Demond Melancon

New Orleans, Louisiana

Artworks shown are selected from works submitted by the artist in their grant or residency application. All works are copyright of the artist or artist’s estate.

About Demond Melancon

A portrait of Demond Melancon standing in front of a wooden fence. He is a Black and Indigenous man with medium dark skin tone, light brown eyes, and a dark short beard and short dreadlocks. He wears a tan corduroy baseball hat, a silver chain with a medallion and a t-shirt with a faded graphic reading “Progeny Firsts” with photos of Sirleaf, Obama, and Mandela.

Demond Melancon was born and raised in the New Orleans Lower Ninth Ward. When Demond was 14 years old, he had the opportunity to learn from influential elder Big Chiefs who taught him not only how to sew and bead intricate suits, but also about the history and traditions of the Black Masking Culture of New Orleans. He was initially mentored by a prolific elder named Big Chief Ferdinand Bigard. Melancon went on to study under Nathanial Williams in connection with a 1993 Louisiana Folklife Apprenticeship Grant. Melancon joined the Seminole Hunters and masked as a Spy Boy for over 15 years under Big Chief Keitoe Jones. In 2012 the elders of the Black Masking community declared that Melancon would then be known as Big Chief Demond Melancon of the Young Seminole Hunters, his very own tribe based in the Lower Ninth Ward of New Orleans.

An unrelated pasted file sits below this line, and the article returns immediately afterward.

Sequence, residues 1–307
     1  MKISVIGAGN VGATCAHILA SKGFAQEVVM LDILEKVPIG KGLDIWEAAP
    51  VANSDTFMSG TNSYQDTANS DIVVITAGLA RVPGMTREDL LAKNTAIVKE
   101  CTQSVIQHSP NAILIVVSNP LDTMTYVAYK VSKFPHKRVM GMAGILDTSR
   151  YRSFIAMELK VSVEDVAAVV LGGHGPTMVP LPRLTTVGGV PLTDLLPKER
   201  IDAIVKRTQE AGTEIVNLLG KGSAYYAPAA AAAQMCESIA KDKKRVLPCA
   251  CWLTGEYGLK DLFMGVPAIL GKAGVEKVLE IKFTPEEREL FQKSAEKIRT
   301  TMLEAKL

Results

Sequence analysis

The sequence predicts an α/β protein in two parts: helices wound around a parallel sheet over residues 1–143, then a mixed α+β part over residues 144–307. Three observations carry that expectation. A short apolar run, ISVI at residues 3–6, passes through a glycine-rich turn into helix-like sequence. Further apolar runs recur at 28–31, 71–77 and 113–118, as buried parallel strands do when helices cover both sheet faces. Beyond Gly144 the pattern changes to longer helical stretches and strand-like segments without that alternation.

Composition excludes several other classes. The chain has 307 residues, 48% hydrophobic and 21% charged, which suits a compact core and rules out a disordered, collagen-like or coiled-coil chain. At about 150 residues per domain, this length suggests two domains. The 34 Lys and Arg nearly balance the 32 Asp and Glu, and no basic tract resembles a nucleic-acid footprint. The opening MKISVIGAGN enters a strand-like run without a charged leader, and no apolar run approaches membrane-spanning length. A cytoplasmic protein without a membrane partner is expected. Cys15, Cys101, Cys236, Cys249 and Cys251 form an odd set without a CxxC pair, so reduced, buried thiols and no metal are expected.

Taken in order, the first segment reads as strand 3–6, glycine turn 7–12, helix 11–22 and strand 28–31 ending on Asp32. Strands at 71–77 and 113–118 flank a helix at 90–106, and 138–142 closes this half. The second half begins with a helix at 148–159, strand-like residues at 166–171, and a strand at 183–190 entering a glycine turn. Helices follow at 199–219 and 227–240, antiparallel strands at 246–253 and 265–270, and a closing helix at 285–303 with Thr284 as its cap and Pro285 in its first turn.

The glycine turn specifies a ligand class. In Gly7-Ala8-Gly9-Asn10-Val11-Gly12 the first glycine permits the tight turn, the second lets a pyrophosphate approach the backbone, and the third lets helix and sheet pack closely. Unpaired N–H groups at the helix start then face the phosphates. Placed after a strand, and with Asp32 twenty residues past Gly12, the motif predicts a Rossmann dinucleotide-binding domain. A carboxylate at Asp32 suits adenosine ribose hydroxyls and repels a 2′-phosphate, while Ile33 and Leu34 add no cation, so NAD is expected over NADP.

Melancon’s Suits are sculptural forms, based on the size of his body and composed of intricate, hand-sewn beadwork revealing a collective visual narrative. In 2017, Melancon pioneered a contemporary art practice using the same beading techniques he’s been refining over the past 30 years in the Black Masking Culture. Melancon’s work has been included in exhibitions at the Victoria & Albert Museum, London; Museum of Contemporary African Diasporan Art, Brooklyn, NY; Kalamazoo Institute of Arts, Kalamazoo, MI; Haus der Welt der Kulturen, Berlin; and the Arthur Roger Gallery, New Orleans, LA. His work is included in the collections of the International African American Museum, Toledo Museum of Art, Birmingham Museum of Art, LSU Museum of Art, and the Boston Art Club.

Program Participation

Joan Mitchell Center Residency, 2020

Joan Mitchell Fellowship, 2023

Website / Social Links

The imagery in my suits often reflects untold stories from bygone pasts, honoring Black subjects historically excluded from the artistic canon while confronting stereotypical representations of Black identity. Through my work, I'm interested in exploring the possibilities of visual storytelling and redefining the traditions of portraiture.”